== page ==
Communion Hymn: Reflecting on the Discipline of Social Responsibility

Communion Hymn: Reflecting on the Discipline of Social Responsibility April 5, 2022




James Luther Adams is arguably the single most important theologian produced by Unitarian Universalism in the twentieth century. Through his years at Harvard and elsewhere his teaching spread the benefits of a liberal spiritual perspective as a leaven among those who would become the clergy of many denominations. He was a wise and good teacher.

In his essay “The Indispensable Discipline of Social Responsibility,” he tells a story about himself that haunts me.

“In 1927 in the city of Nuremberg, six years before the National Socialists came into power, I was watching a Sunday parade on the occasion of the annual mass rally of the Nazis. Thousands of youth, as a sign of their vigor and patriotism, had walked from various parts of Germany to attend the mass meeting of the Party.

“As I watched the parade which lasted for four hours and was punctuated by trumpet and drum corps made up of hundreds of Nazis, I asked some people to explain to me the meaning of the swastika that decorated many of the banners.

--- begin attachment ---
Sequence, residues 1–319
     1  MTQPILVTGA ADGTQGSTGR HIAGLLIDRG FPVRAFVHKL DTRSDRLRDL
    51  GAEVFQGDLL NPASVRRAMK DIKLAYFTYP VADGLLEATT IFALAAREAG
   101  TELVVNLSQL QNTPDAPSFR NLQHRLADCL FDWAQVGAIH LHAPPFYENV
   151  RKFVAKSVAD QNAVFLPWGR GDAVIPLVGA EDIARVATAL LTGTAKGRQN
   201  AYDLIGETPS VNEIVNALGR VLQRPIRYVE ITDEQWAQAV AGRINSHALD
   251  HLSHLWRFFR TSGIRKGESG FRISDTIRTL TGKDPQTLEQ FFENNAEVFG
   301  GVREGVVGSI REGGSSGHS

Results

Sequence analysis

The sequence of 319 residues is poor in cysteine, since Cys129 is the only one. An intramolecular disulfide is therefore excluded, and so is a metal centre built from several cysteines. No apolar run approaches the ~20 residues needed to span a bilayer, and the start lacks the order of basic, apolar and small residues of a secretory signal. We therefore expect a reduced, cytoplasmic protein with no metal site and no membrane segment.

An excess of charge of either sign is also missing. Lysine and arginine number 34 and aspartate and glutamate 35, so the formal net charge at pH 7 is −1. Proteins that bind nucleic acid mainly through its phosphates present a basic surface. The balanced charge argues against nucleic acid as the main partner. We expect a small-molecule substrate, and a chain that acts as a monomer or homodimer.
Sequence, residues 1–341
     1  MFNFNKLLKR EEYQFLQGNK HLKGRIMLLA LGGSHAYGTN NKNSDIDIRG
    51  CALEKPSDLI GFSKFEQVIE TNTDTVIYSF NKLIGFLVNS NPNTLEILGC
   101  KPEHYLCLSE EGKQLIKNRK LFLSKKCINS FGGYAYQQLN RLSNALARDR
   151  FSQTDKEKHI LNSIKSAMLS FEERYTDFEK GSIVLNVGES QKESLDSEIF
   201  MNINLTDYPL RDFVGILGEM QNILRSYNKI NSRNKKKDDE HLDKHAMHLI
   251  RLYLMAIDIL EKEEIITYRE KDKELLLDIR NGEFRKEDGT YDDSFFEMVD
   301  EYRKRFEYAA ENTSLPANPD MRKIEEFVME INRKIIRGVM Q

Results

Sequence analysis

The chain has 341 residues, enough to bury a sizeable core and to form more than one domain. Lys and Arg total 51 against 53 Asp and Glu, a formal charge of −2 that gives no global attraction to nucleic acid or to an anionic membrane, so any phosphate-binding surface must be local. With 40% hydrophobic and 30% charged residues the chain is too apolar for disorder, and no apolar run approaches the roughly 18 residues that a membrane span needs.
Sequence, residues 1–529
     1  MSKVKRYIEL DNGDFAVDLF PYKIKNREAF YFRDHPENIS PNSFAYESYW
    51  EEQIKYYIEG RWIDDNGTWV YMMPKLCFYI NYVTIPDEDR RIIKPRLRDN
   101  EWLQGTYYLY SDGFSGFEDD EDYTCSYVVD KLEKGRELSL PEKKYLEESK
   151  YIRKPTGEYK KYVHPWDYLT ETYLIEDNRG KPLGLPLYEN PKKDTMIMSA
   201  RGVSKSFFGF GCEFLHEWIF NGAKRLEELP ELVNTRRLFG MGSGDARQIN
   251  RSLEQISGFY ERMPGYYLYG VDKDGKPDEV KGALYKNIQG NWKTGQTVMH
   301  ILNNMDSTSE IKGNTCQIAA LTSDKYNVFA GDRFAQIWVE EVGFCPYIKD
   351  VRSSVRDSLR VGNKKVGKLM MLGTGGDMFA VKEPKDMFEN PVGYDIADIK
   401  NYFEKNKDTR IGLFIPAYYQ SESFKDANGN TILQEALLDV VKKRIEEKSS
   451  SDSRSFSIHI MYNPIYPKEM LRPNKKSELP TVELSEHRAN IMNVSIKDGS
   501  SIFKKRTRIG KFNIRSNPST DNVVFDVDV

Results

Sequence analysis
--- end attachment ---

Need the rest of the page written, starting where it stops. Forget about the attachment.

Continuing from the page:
“Before very long I found myself engaged in a heated argument. Suddenly someone seized me from behind and pulled me by the elbows out of the group with which I was arguing. In the firm grip of someone whom I could barely see I was forced through the crowd and propelled down a side street and up into a dead-end alley….

“At the end of the alley my uninvited host swung me around quickly, and he shouted at me in German, ‘You fool. Don’t you know? In Germany today when you are watching a parade, you either keep your mouth shut or you get your head bashed in.’

“I thought he was going to bash it in right there. But then his face changed into a friendly smile, and he said, ‘I am an anti-Nazi. As I saw you there, getting into trouble, I thought of the times when in New York City as a sailor of the German merchant marine I received wonderful hospitality.’ I grabbed you and here we are. I am inviting you home to Sunday dinner.”

I find myself thinking a lot about that Sunday dinner.

The need to see clearly. And what it takes to gain such a perspective.

And then finding the right time, place, and way of speaking that clarity.

I think a lot about that diner and the power of hospitality.

A communion hymn…


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